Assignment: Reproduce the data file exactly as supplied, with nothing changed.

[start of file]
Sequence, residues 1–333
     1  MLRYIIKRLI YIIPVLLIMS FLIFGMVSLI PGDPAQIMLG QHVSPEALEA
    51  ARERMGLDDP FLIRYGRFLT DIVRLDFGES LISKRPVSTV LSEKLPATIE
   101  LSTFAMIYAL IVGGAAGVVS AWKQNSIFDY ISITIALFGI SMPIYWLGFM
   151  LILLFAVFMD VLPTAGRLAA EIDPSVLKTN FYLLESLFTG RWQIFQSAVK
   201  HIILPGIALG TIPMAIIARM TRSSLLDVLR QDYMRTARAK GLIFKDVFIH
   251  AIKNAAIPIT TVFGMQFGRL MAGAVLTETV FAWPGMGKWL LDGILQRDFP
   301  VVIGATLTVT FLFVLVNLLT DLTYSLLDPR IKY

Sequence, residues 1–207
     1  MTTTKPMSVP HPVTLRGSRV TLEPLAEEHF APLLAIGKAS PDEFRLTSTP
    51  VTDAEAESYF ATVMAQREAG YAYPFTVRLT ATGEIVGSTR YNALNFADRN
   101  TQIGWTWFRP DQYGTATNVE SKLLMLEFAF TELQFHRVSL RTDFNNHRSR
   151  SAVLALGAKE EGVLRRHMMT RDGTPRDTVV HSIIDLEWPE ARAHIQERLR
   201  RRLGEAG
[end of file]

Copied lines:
Sequence, residues 1–333
     1  MLRYIIKRLI YIIPVLLIMS FLIFGMVSLI PGDPAQIMLG QHVSPEALEA
    51  ARERMGLDDP FLIRYGRFLT DIVRLDFGES LISKRPVSTV LSEKLPATIE
   101  LSTFAMIYAL IVGGAAGVVS AWKQNSIFDY ISITIALFGI SMPIYWLGFM
   151  LILLFAVFMD VLPTAGRLAA EIDPSVLKTN FYLLESLFTG RWQIFQSAVK
   201  HIILPGIALG TIPMAIIARM TRSSLLDVLR QDYMRTARAK GLIFKDVFIH
   251  AIKNAAIPIT TVFGMQFGRL MAGAVLTETV FAWPGMGKWL LDGILQRDFP
   301  VVIGATLTVT FLFVLVNLLT DLTYSLLDPR IKY

Sequence, residues 1–207
     1  MTTTKPMSVP HPVTLRGSRV TLEPLAEEHF APLLAIGKAS PDEFRLTSTP
    51  VTDAEAESYF ATVMAQREAG YAYPFTVRLT ATGEIVGSTR YNALNFADRN
   101  TQIGWTWFRP DQYGTATNVE SKLLMLEFAF TELQFHRVSL RTDFNNHRSR
   151  SAVLALGAKE EGVLRRHMMT RDGTPRDTVV HSIIDLEWPE ARAHIQERLR
   201  RRLGEAG